We can look closely at the FCC’s data and see how well VDSL does in comparison with ADSL because they break out performance by speed tier. The DSL in the 1 – 5 Mbps tier is going to be ADSL, and it falls below the promise. The DSL providers are Frontier, Verizon, AT&T, CenturyLink, Qwest (now part of CenturyLink) and Windstream. Only Frontier exceeds 100%.
It’s even worse at the 6 – 10 Mbps tier, where all DSL providers fall short:
The FCC reports on a 12 – 15 Mbps tier, but the underlying technologies are ambiguous, as these speeds can be reached by ADSL2 as well as by VDSL. They show AT&T and Windstream falling short but Qwest exceeding 100%. It’s a reasonably good guess that AT&T and Windstream are using ADSL in this tier but Qwest/CenturyLink uses VDSL.
At the 18 – 25 Mbps tier, ADSL is gone and VDSL competes with cable and fiber. AT&T exceeds 100% for its 18 Mbps service, and falls a little short for the 25 Mbps plan, as does Qwest for its mid range VDSL plan at 20 Mbps. But the VDSL offerings are as close to 100% as most of the cable and fiber offerings in this tier are; Verizon FiOS, a full-fiber service, is the only real bracket-buster here, although Comcast exceeds 100% for both its offerings; Frontier’s 20 Mbps fiber service is comparable to Qwest’s VDSL and TWC’s cable.
The most competitive tier ranges from 12 – 25 Mbps, the actual sweet spot for most Internet applications.
In the 30 – 75 Mbps tier, the FCC only measured Qwest despite the fact that AT&T offers services in this range. Qwest exceeded 100% at this tier as well. It’s worth nothing that the FCC refused to measure speeds above 75Mbps – both fiber and cable offer 100 Mbps services in most places – which is an odd choice that affects how the U. S. stands compared to the European countries were cable modem service starts at 50 Mbps and goes up to 150, such as the UK.
One takeaway from the measured speeds of DSL is that the FCC should distinguish ADSL from VDSL and report accordingly. Another is that it should measure AT&T’s VDSL services, not just CenturyLink/Qwest services. And it should measure higher speed fiber and cable services to put us on a level playing field with Europe.
Market shares are shifting very strongly from ADSL to VDSL. According to Leichtman Research, VDSL and fiber were the fastest growing segment of the wired broadband marketplace in 2013:
AT&T and Verizon added 3.3 million fiber subscribers (via U-verse and FiOS) in 2013, while having a net loss of 3.05 million DSL subscribers. U-verse and FiOS broadband subscribers now account for 47% of Telco broadband subscribers — up from 29% at the end of 2011.
Leightman lumps U-Verse together with fiber, but it’s actually a VDSL2+ technology, just like CenturyLink’s 20 – 40 Mbps VDSL.
The FCC report also engages in a rather bizarre exercise of measuring web page loading speeds and attributing them to the ISPs. In a typical example, they found that web page loading takes more than a second over connections faster than 30 Mbps; they also found that their web pages loaded fastest on Qwest/CenturyLink’s 40 Mbps VDSL and Charter’s 30 Mbps cable. Both of these ISPs must be close to major Internet Exchanges.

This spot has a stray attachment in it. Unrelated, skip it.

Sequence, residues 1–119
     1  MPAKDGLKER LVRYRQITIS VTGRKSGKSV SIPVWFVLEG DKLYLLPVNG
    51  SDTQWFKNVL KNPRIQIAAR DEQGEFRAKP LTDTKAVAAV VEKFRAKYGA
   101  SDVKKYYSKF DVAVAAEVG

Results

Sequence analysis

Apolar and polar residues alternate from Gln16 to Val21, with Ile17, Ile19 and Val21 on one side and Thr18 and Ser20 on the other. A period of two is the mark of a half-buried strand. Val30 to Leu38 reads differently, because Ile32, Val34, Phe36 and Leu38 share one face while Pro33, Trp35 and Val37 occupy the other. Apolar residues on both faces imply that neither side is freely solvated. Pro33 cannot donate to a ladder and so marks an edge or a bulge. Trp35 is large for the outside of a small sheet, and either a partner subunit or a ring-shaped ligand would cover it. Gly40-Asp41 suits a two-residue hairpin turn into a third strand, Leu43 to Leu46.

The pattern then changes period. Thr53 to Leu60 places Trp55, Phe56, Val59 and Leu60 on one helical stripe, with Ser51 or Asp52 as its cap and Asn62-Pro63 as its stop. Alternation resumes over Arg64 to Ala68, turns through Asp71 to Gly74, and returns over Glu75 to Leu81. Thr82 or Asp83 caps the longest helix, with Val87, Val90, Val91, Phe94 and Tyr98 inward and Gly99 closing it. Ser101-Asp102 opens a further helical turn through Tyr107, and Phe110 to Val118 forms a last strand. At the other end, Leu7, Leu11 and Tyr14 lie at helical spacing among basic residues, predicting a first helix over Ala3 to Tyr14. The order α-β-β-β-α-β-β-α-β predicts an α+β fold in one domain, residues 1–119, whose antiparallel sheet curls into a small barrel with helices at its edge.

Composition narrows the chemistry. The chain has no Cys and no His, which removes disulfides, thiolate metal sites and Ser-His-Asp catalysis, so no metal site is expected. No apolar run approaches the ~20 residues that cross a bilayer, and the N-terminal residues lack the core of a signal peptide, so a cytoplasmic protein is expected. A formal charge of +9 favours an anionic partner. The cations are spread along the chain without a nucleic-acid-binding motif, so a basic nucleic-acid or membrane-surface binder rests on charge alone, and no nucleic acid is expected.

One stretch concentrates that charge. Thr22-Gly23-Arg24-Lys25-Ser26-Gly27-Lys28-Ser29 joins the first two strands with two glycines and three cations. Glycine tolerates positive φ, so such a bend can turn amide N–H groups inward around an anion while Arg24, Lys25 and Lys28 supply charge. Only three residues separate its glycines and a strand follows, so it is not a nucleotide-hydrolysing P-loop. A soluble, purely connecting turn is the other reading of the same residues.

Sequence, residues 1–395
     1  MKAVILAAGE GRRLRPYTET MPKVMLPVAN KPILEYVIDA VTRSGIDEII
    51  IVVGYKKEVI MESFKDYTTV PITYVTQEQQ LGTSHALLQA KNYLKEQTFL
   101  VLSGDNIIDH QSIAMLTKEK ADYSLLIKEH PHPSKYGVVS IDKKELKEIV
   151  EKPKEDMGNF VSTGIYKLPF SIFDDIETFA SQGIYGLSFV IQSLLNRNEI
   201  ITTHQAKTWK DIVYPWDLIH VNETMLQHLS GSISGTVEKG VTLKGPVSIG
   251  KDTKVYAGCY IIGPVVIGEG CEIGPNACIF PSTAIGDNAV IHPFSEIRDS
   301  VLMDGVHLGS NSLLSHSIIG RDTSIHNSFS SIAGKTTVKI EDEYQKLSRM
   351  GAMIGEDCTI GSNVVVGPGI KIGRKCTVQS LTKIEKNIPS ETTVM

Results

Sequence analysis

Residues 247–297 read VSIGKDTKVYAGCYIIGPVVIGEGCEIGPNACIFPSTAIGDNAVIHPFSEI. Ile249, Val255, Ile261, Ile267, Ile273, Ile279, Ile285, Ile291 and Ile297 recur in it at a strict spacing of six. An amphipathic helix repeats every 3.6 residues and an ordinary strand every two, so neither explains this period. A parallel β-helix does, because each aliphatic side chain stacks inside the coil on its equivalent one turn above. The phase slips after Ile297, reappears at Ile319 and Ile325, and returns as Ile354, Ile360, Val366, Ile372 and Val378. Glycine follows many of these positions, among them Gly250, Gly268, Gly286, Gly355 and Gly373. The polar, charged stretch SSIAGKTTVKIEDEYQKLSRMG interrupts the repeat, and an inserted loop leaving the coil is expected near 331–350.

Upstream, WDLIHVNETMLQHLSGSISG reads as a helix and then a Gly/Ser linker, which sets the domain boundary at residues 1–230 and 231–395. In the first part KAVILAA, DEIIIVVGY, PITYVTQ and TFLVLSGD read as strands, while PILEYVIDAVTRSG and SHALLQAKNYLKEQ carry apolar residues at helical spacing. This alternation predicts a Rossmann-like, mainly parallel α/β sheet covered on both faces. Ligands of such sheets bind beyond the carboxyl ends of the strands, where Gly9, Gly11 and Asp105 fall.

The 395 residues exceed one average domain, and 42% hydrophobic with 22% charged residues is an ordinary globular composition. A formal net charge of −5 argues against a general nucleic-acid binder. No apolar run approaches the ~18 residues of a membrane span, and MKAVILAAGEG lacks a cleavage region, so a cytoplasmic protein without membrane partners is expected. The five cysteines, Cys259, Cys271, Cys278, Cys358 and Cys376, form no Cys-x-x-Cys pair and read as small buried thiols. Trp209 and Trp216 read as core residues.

Given that the average web page is 1.8 MB in size, the actual transfer time at 50 Mbps is less than 3 tenths of a second; that means the web server itself has more than twice as much influence over this measurement than the network does.
So the FCC’s web loading time test actually measures more of the web server and its connections than it does the ISP’s network. This is nice data for researchers to have, but it tells us very little about ISP networks. For this to be meaningful measurement, it also needs to account for CDNs and web site capacity.
It would be good for the FCC to clearly separate ADSL from VDSL and for it to measure speeds up to 1 Gbps. Once it’s done with that, it’s fine for it to try to get a handle on web servers and interconnections, but it appears that the FCC has a long way to go before it can clearly communicate what it’s measuring.
It’s also the case that our tech bloggers are well behind the FCC in understanding broadband, but we can explain that in terms of the advocacy journalism that’s polarizing our nation. It’s good to step outside the echo chamber and understand what the data really say.
Why should we trust the FCC?
Why should we trust anybody? The FCC pays a company called SamKnows to measure broadband speeds, the same firm that governments around the world use (European Union, UK, Singapore, Canada, etc.) So the raw data is comparable to controlled tests in other parts of the world and much more representative of actual network capacities than the Speedtest.net data. It’s not as good as Akamai under real world conditions, but we have to start somewhere.